Autism overhaul amid NDIS cases blowout

Rick Morton

Guidelines for autism cases will be streamlined nationwide and doctor-shopping for diagnoses will be eliminated, under a series of reforms aimed at stemming a blowout in the National Dis­ability Insurance Scheme.

The reforms, to be announced by the Morrison government today, have been heralded as a revolution in the way it would smooth out “significant variabilities” in cases confirmed by ­clinicians.

The approved guideline recommends the prescribed three levels of autism “severity” should never be used to ­determine eligibility for and provision of services.

The new diagnosis guideline — funded by the NDIA but ­developed at arm’s length — ­calls for these levels to be ignored because the International Diagnostic and Statistical Manual of Mental Disorders (DSM-V) states they “vary with context and also fluctuate over time”.

The new autism spectrum disorders framework has been approved by the National Health and Medical Research Centre, which includes chief medical officers from every state and territory.

In May, The Australian revealed secret planning within the National Disability Insurance Agency, which is in charge of ­delivering the $22 billion NDIS, to reduce the growth in the number of people with ­autism accessing the scheme. While developing the plan, the NDIA accidentally removed some cases from a list that guaranteed automatic entry to the scheme.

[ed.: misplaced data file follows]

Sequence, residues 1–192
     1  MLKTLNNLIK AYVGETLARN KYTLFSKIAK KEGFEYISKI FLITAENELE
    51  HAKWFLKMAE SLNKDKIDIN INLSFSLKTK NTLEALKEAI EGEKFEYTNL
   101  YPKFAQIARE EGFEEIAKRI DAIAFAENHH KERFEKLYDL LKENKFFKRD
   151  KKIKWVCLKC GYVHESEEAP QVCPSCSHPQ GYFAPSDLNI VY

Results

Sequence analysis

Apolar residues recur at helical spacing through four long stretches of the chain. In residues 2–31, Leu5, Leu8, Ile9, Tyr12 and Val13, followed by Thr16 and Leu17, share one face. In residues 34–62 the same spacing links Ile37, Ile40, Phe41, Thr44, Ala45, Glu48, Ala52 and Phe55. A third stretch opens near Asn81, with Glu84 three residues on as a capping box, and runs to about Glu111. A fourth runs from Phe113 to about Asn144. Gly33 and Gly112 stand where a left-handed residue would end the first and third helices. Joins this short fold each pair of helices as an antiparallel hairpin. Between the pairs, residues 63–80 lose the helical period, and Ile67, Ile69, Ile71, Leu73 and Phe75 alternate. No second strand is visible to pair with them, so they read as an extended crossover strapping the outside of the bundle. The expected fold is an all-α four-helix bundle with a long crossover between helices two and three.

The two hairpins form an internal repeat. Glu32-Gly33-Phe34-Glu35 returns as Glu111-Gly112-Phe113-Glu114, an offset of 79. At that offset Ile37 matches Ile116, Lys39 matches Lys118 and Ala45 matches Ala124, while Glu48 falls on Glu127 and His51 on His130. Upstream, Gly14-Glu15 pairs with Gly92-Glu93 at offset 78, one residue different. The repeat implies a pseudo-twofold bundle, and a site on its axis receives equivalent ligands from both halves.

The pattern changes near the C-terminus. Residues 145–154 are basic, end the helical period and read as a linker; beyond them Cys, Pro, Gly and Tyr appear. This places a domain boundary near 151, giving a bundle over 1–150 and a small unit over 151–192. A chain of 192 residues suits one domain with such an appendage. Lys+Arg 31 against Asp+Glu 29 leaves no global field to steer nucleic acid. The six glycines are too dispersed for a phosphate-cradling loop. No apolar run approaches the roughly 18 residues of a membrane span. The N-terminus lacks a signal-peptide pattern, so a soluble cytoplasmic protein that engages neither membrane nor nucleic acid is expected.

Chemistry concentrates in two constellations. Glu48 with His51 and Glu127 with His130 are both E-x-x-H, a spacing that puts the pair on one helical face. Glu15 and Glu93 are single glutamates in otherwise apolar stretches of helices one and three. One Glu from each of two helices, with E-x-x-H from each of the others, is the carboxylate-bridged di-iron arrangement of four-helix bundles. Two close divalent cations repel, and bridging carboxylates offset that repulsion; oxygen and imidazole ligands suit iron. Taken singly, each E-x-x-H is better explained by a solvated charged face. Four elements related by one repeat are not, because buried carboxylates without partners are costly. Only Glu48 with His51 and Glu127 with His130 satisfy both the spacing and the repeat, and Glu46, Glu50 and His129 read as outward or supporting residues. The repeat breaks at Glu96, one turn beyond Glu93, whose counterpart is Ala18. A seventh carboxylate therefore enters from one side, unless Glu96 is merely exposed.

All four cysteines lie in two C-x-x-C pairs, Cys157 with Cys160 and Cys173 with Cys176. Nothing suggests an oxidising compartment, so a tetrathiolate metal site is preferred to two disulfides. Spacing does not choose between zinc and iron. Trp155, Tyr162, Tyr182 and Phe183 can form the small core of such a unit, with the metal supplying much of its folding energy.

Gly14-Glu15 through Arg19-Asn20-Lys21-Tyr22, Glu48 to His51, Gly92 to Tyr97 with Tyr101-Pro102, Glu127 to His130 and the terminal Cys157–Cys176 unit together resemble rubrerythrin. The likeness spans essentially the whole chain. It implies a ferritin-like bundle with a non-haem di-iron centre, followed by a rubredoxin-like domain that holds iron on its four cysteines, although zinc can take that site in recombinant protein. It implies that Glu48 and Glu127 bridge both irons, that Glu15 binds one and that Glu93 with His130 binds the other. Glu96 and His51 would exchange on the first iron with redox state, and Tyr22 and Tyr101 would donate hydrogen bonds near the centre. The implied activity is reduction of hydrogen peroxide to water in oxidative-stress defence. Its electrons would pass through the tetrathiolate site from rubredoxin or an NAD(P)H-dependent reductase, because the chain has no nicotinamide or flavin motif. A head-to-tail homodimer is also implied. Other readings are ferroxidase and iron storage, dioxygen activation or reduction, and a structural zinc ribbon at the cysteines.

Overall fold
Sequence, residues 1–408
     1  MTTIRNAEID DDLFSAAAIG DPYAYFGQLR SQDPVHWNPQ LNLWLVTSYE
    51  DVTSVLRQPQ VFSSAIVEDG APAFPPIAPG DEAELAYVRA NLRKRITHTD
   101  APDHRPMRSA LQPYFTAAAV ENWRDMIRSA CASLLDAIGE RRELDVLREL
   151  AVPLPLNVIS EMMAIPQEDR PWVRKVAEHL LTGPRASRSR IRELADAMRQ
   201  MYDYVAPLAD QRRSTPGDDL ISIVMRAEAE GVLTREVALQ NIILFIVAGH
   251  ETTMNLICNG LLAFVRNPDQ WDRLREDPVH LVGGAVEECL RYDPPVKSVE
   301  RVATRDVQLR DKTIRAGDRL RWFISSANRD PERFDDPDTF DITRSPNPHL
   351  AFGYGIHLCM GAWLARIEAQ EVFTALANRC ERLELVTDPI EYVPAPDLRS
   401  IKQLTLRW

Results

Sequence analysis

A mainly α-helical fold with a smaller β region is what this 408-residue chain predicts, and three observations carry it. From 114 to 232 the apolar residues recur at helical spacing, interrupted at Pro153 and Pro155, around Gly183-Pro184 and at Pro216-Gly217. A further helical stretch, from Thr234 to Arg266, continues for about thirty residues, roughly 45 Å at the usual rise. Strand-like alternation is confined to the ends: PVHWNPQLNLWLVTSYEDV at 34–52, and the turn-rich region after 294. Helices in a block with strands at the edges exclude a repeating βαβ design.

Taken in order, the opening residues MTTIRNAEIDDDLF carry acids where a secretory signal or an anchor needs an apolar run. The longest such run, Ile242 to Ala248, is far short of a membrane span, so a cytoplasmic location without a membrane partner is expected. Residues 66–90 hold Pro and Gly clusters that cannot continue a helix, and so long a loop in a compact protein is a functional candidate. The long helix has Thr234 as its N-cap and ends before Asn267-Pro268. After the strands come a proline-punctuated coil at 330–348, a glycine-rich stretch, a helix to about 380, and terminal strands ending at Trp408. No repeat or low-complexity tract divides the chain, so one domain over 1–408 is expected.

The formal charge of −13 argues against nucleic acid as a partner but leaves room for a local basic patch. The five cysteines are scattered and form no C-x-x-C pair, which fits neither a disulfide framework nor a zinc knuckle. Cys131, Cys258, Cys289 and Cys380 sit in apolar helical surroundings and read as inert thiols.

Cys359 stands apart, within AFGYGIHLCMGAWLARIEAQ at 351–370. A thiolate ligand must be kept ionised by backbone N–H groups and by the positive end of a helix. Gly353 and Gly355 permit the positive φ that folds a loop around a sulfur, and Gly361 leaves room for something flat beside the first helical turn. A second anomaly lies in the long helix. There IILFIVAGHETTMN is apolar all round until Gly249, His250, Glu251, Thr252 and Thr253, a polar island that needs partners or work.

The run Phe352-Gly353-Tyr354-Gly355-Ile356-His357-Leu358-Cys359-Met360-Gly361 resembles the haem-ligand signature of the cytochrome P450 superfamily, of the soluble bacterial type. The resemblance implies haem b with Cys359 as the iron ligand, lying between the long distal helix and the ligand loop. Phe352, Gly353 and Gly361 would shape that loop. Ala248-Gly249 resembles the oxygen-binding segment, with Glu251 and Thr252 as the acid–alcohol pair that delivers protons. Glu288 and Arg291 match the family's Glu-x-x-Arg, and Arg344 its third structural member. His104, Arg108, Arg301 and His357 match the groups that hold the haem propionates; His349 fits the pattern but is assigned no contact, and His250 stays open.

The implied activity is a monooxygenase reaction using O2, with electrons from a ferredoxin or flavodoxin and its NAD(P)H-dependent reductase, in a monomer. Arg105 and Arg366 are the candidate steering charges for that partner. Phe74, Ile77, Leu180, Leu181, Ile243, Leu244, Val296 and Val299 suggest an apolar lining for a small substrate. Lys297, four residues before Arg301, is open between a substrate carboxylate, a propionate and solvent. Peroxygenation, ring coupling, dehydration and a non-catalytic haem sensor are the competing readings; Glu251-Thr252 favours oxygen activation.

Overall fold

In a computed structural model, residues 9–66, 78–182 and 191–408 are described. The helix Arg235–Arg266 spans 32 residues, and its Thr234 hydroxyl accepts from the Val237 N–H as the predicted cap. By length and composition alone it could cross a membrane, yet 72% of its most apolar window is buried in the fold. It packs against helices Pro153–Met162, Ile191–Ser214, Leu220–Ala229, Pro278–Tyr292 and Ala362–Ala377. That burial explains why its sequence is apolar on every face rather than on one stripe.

There are about 164,000 Australians of all ages with autism, a figure that has spiked by almost 80 per cent in less than a decade.

Social Services Minister Paul Fletcher and Health Minister Greg Hunt will today announce the new “best practice” guidelines to bring “clarity to the way autism is diagnosed”.

They will also reveal an $840,000, one-year research project by the Autism CRC, which is examining new tools that can be used in assessing the ability and functional capacity of people who might have autism.


The chief research officer at the Co-operative Research Centre for Living with Autism, ­Andrew Whitehouse, told The Australian the reforms were “truly a revolution in the way children and adolescents on the spectrum seek support”.

“Diagnosis is very important for some people because it provides a source of identity but there is a strong view in the clinical community that we have placed too much focus on diagnosis for too long,” Professor Whitehouse said.